Russia does not claim special rights in international relations. But there are no reasons to believe that it can only be a guided party. The required minimum for us is full equality, including in analyzing dangers and making decisions. Russia is beginning to protect its national interests in full, probably for the first time in its history, using all of its competitive advantages.
Russian and American political analysts are talking about an inevitable "pause" in the development of bilateral relations owing to the upcoming election cycles. I believe this would be a bad choice. We would not like the United States to retreat into itself because of the Iraq catastrophe, but to take part in renewing its partnership with Russia on the basis of equality and mutual benefit.
We see good opportunities for a positive evolution of Russian-American relations in joint work on the implementation of the Global Initiative to Combat Nuclear Terrorism, the initiatives of our presidents on the safe development of the global nuclear power industry, and on allowing all countries wishing to make use of the benefits of nuclear generation to access those technologies on the condition that they comply with their non-proliferation commitments.
One more proof of our ability to make compromises is the signing of a bilateral Russian-American protocol on Russia's accession to the World Trade Organization. Our intensive dialogue is focused on the fight against terrorism and the proliferation of weapons of mass destruction, the settlement of regional conflicts and, of course, strategic stability. When we cannot agree on mutually acceptable solutions, "nominal agreement" appears to be an option. We do not deny the United States the right to make independent decisions, but such a move implies acting at your risk and material peril.
Confrontation is not unavoidable in our relations with the U.S., which means that there cannot be a new Cold War because there are no objective prerequisites for it.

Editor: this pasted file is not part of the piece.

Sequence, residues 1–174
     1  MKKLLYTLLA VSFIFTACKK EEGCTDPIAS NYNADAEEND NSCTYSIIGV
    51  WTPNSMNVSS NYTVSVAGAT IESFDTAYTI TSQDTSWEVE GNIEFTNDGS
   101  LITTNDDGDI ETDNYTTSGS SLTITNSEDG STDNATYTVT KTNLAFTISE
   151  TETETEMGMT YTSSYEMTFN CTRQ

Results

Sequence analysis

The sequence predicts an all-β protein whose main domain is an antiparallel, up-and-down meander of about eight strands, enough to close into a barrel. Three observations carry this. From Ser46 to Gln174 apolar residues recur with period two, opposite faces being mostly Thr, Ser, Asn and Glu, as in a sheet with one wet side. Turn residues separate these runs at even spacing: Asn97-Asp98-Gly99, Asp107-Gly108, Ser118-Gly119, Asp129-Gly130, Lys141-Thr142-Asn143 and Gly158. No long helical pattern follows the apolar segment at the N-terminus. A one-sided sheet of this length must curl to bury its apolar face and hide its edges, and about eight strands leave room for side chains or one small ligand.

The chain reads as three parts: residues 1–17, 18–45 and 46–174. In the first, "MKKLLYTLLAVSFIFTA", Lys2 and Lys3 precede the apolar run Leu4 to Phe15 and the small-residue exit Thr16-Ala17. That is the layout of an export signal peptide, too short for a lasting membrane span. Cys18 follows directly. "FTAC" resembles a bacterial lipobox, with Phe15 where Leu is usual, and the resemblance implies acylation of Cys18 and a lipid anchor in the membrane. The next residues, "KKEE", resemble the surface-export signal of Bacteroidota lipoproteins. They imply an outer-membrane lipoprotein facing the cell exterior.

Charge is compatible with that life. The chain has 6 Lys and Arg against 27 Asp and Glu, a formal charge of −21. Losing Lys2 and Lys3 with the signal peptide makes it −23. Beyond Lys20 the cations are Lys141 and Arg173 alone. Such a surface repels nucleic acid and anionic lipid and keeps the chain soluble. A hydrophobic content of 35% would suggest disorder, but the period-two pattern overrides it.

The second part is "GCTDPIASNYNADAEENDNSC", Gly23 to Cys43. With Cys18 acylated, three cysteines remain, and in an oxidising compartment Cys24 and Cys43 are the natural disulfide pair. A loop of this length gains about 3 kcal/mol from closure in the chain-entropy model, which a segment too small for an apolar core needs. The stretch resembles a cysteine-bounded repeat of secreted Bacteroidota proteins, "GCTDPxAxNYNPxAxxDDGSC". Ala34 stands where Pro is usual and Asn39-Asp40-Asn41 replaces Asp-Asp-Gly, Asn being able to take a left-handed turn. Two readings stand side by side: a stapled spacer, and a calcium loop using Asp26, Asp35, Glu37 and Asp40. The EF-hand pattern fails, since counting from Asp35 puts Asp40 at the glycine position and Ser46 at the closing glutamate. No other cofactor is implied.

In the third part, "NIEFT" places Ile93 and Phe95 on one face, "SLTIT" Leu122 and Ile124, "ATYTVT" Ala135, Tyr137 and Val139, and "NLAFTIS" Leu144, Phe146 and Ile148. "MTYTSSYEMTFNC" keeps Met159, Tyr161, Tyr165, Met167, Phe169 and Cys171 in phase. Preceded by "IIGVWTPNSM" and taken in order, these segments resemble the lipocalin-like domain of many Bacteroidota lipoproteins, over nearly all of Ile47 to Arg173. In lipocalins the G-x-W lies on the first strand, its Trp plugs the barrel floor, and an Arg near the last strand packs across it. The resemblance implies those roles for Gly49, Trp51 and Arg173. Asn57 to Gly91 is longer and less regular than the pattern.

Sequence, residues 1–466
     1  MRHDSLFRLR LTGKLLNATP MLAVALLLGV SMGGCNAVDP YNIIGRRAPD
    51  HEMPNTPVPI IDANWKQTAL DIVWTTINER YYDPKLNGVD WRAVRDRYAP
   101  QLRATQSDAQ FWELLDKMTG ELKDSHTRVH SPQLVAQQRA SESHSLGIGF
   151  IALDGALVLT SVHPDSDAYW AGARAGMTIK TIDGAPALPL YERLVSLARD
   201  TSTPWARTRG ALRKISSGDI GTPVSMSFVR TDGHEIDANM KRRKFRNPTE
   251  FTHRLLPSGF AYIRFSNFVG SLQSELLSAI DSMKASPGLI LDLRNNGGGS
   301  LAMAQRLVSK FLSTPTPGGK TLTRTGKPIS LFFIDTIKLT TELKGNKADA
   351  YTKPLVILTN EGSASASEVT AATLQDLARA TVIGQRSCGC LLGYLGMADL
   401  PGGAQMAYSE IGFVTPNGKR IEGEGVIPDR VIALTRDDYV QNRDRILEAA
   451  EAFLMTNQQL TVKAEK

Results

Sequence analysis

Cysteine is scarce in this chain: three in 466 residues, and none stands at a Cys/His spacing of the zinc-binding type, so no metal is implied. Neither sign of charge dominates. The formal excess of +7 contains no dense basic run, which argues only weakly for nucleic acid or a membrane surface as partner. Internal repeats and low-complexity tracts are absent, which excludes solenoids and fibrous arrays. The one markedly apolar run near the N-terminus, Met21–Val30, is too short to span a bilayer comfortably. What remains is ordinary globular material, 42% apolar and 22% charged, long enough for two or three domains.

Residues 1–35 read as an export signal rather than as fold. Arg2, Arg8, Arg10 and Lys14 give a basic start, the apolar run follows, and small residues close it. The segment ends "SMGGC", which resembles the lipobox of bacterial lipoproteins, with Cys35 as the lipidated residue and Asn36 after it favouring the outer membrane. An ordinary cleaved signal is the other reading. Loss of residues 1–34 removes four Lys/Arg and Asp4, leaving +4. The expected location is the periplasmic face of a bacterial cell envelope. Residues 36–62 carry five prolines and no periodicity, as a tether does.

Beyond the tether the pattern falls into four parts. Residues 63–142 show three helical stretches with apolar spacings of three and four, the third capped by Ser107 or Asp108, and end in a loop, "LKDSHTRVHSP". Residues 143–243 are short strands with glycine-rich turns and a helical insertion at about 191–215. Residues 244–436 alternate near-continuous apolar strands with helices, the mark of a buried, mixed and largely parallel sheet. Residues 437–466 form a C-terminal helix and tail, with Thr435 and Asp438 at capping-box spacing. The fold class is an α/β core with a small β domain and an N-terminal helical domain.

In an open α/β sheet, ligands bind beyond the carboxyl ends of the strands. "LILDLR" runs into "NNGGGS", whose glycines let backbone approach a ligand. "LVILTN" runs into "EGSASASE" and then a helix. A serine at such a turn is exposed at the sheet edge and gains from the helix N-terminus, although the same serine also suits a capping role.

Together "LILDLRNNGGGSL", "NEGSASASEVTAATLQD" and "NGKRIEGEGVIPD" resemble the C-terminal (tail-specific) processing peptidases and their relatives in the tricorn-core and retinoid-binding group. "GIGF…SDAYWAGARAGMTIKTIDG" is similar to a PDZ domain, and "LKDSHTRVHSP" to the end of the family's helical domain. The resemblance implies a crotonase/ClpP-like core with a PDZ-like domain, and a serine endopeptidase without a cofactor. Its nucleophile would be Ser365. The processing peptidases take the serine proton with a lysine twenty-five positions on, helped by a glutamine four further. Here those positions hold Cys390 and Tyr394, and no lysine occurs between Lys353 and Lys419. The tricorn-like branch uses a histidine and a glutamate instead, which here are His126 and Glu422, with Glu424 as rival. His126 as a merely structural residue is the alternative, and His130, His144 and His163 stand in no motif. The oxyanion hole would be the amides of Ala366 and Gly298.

Anti-Americanism is dangerous and intellectually deficient. At the same time, we should address the origins of the problem, i.e. the current actions of the U.S. in international affairs. However, the fact that the U.S. administration is following the lead of neoconservatives should not influence our fundamental attitude to the United States.
We are opposed to "strategic games" in Europe aimed at creating a potential for confrontation without good reason, and at attempts to structure European policy on the "friend-or-foe" principle. This goal is being facilitated by the implementation of American plans to deploy elements of the national anti-ballistic-missile (ABM) system in Europe.
We can view such plans only as a provocation on the scale of European and global policy, especially because that unilateral project has a collective alternative, the European theater defense system involving NATO and Russia.
The deployment of an American ABM system in Europe is not acceptable to Russia and is affecting its relations with NATO. Why should we cooperate with it if the bloc is turning from a collective security organization into a screen for unilateral measures that compromise Russian security?
We are also concerned that the structures and instruments we have inherited from the past, such as NATO, the Organization for Security and Cooperation in Europe (OSCE), and the Conventional Forces in Europe Treaty (CFE), are becoming mechanisms for reproducing bloc policy in current conditions and are being used against Russia. Who stands to gain from this?
I am convinced that this situation will not last long. A failure to complete the reform of the European security architecture could cause people to lose touch with reality and provoke a real split in Europe that will last decades.
At the same time, Russian foreign policy is fully in accord with the current stage of the country's internal development, as demonstrated by the broad accord in Russian society on the main foreign policy issues. We want for the world what we want for ourselves: an evolutionary development without shocks.